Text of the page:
Some Marquette students decided to promote safe sex the day before Valentine’s Day by handing out condoms to those walking on the public sidewalk outside of Raynor Library. Marquette University does not provide contraceptives through its medical clinic — including condoms — because of its identity as a Catholic institution.
Marquette should consider changing its policies about contraceptives. By offering condoms to students, the university would be performing a public health service by helping stop the spread of STIs. This would demonstrate that the university cares about all parts of its students’ health and well-being.
This change would certainly pose a challenge for Marquette. Some other Catholic universities, including Loyola University, Creighton University and DePaul University, also do not provide contraceptives to their students. Marquette has the opportunity to set a positive precedent by taking this step and possibly having an influence on students and administration at other universities as well as their own. Normalizing the use of condoms for public health benefits is needed.
Some students who attend Marquette may have not received thorough sex education in high school and may not know about the importance of contraceptives. Giving students condoms initially through the medical clinic could help students understand that they need to use them in order to safeguard themselves and others from STIs.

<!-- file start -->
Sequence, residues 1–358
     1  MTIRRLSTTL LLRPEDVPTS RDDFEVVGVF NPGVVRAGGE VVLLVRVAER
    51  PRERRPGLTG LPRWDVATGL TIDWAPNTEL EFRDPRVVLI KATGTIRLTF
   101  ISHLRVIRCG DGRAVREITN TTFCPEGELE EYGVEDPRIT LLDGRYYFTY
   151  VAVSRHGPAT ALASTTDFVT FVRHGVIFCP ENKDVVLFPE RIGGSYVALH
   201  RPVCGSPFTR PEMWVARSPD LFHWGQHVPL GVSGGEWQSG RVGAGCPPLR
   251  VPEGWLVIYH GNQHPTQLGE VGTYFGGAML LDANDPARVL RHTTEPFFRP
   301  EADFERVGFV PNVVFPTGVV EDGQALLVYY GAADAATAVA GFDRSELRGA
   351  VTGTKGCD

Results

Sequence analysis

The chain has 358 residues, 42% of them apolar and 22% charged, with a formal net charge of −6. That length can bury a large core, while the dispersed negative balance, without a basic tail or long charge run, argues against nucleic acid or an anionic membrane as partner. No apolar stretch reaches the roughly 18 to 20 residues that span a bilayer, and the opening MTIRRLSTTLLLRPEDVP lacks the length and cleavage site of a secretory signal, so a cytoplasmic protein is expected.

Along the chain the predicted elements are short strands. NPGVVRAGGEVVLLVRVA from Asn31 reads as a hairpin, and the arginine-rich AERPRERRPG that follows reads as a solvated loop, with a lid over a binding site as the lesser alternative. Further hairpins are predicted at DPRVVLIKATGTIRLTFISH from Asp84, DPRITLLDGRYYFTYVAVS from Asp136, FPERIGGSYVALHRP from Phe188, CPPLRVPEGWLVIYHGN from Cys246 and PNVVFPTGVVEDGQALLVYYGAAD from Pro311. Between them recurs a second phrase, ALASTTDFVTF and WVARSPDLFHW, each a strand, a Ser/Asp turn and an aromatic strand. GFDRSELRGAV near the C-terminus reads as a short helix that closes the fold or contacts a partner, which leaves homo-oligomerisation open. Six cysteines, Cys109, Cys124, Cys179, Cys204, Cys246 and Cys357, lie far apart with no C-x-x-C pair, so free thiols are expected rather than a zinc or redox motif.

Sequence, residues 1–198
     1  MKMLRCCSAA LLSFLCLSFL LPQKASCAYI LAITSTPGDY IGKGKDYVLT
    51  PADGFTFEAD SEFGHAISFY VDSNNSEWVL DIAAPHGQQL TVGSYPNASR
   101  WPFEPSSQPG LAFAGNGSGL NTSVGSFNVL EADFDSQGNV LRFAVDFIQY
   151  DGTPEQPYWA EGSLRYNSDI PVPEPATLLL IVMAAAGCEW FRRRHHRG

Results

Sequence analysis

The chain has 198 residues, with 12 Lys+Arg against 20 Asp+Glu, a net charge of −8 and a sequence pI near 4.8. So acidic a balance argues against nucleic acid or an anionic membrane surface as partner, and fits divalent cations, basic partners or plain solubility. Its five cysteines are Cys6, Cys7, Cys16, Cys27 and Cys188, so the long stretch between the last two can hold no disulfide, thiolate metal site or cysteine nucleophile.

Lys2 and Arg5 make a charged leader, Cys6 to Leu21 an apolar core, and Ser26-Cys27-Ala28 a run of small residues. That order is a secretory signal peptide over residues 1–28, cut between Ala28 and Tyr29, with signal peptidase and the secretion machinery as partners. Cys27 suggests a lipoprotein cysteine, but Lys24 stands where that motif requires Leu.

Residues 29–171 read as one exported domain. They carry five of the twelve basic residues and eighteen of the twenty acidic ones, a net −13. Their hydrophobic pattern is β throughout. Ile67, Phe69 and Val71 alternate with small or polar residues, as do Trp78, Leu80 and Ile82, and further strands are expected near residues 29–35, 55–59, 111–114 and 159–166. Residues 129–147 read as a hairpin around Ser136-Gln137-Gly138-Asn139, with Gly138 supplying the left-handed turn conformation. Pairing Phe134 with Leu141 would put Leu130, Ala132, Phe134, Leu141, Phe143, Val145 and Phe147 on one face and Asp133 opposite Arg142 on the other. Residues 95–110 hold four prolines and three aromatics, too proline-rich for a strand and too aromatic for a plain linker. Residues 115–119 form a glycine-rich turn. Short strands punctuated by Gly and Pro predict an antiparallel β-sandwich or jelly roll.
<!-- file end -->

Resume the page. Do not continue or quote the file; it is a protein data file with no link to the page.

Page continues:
The Marquette University Medical Clinic does offer STI testing, which is a helpful resource for students. That being said, the university should offer a way to avoid the STIs it tests for. For students who contract certain STIs, it is a necessary preventative measure to give condoms after a diagnosis in case the patient chooses to continue being sexually active.
In an email, university spokesperson Chris Stolarski said, “The university would never approve a student organization event with the stated intent of distributing condoms.” The university should give student organizations the opportunity to provide condoms at their own discretion, especially with the medical clinic’s current policy. This would further prevent students from contracting STIs.
According to the Centers for Disease Control and Prevention, an estimated 20 million new cases of STIs occur yearly in the U.S., with half of those cases involving individuals aged 15 to 24. The age range of university students and the newfound freedom universities give leaves students susceptible to STIs. The university should keep this in mind when deciding to provide contraceptives to students.
It is important that students take control of their own health and be responsible if they choose to partake in sexual relations. There are certainly stigmas surrounding sex — especially at a Catholic, Jesuit university — and students may feel embarrassed going to the store to purchase condoms. If students are able to go to the medical clinic and get condoms, it may take away some stress and worry, empowering students to take control of their health. It would also show students that the university cares about and doesn’t stigmatize their sexual health.
The university should re-evaluate the way it approaches sexual health and the spread of diseases. Although the university isn’t promoting diseases by not providing contraceptives to students, it could be doing more to prevent them.
Marquette should take this step to promote the importance of sexual health for students on campus. Students shouldn’t have to worry about their health being in danger when certain diseases are preventable with condoms that could be provided by the medical clinic.